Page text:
Distributors for the forthcoming "Ender's Game" movie are sounding off on the media furor over the anti-gay views of author Orson Scott Card, on whose book the anticipated blockbuster is based.
In response to the controversy, Lionsgate Entertainment officials released the following statement, as cited by The New York Times:
"As proud longtime supporters of the LGBT community, champions of films ranging from 'Gods and Monsters' to 'The Perks of Being a Wallflower' and a company that is proud to have recognized same-sex unions and domestic partnerships within its employee benefits policies for many years, we obviously do not agree with the personal views of Orson Scott Card and those of the National Organization for Marriage. However, they are completely irrelevant to a discussion of 'Ender’s Game.'"
After officials note that Card's personal views are "completely irrelevant" to the film, the statement continues:
"Lionsgate will continue its longstanding commitment to the LGBT community by exploring new ways we can support LGBT causes and, as part of this ongoing process, will host a benefit premiere for 'Ender’s Game.'"
You can read the full statement here.
Whether or not Lionsgate's vow will be enough to quiet the ongoing dispute remains to be seen. Last week, members of Geeks OUT launched "Skip Ender's Game," a campaign asking LGBT rights advocates and allies to "keep your money out of Orson Scott Card’s pockets" by opting out of seeing "Ender's Game" in theaters when the film is released in cinemas on Nov. 1. The group is also reportedly organizing a series of "Skip Ender's Game" events in New York, Orlando, Seattle and other major U.S. cities to coincide with the movie's debut.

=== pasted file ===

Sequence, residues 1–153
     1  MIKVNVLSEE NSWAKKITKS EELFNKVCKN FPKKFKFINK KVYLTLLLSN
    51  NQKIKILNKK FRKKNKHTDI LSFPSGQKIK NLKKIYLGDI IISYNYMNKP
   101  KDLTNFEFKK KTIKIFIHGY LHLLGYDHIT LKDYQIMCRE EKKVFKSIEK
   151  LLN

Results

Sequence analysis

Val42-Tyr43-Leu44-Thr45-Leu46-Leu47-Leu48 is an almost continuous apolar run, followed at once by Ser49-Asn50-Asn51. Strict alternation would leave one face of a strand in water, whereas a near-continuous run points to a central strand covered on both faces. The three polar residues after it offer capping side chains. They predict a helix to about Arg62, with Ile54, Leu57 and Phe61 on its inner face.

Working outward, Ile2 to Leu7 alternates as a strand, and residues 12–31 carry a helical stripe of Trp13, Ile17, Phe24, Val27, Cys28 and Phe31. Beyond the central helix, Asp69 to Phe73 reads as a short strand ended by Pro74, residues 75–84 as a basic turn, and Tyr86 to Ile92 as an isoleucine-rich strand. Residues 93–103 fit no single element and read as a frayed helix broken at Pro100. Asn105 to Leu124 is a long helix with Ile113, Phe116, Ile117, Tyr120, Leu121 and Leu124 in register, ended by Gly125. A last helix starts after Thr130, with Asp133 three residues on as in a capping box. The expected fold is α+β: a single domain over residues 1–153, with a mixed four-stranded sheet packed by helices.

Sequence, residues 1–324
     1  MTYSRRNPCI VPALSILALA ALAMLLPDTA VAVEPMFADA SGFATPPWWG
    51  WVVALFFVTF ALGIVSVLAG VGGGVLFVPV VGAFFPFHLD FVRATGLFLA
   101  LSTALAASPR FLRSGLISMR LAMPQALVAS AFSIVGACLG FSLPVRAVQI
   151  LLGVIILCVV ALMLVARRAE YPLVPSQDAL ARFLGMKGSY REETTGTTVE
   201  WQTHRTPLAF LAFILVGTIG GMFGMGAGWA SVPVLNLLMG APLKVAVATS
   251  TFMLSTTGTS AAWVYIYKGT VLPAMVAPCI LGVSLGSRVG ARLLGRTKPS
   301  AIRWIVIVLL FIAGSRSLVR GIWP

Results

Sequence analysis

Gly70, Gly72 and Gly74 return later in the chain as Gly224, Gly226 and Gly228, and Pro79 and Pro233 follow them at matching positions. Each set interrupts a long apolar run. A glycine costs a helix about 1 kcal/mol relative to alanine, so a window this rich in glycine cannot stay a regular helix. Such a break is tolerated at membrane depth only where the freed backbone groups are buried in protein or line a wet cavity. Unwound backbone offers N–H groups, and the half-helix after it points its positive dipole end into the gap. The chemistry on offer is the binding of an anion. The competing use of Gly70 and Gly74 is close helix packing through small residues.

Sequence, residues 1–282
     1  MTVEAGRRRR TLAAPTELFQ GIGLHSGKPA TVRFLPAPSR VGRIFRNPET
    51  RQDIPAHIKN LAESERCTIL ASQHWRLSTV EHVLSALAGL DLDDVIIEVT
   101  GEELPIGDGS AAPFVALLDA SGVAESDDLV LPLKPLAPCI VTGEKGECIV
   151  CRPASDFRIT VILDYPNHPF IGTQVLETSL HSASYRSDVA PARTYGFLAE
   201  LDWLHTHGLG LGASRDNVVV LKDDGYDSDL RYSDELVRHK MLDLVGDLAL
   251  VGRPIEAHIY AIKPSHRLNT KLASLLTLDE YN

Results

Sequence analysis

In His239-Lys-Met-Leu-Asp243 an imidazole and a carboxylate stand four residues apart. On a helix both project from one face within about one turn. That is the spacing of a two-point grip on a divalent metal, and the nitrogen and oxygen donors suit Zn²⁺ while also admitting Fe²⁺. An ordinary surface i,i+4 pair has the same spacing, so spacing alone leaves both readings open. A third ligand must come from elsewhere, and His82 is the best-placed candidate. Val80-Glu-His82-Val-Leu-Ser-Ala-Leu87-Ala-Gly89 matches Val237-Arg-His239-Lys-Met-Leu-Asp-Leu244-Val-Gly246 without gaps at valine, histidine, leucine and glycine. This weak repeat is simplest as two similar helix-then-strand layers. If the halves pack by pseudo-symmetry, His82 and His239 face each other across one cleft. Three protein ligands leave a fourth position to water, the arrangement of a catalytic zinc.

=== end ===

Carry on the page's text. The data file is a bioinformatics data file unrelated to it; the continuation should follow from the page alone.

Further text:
A Mormon and National Organization for Marriage board member, Card also responded to the controversy directly, noting, " With the recent Supreme Court ruling, the gay marriage issue becomes moot."
He then added, "Now it will be interesting to see whether the victorious proponents of gay marriage will show tolerance toward those who disagreed with them when the issue was still in dispute."
It isn't the first time the author's conservative stance on the LGBT community has sparked controversy. In March , illustrator Chris Sprouse reportedly dropped out of an upcoming "Adventures of Superman" issue written by Card and Aaron Johnston amid media criticism of Card's anti-gay views.
In previous years, Card implied that any government which allowed same-sex marriage was his "mortal enemy," and even referred to same-sex attraction as a “reproductive dysfunction” in a 2012 Rhinoceros Times opinion piece penned in support of North Carolina's Amendment One.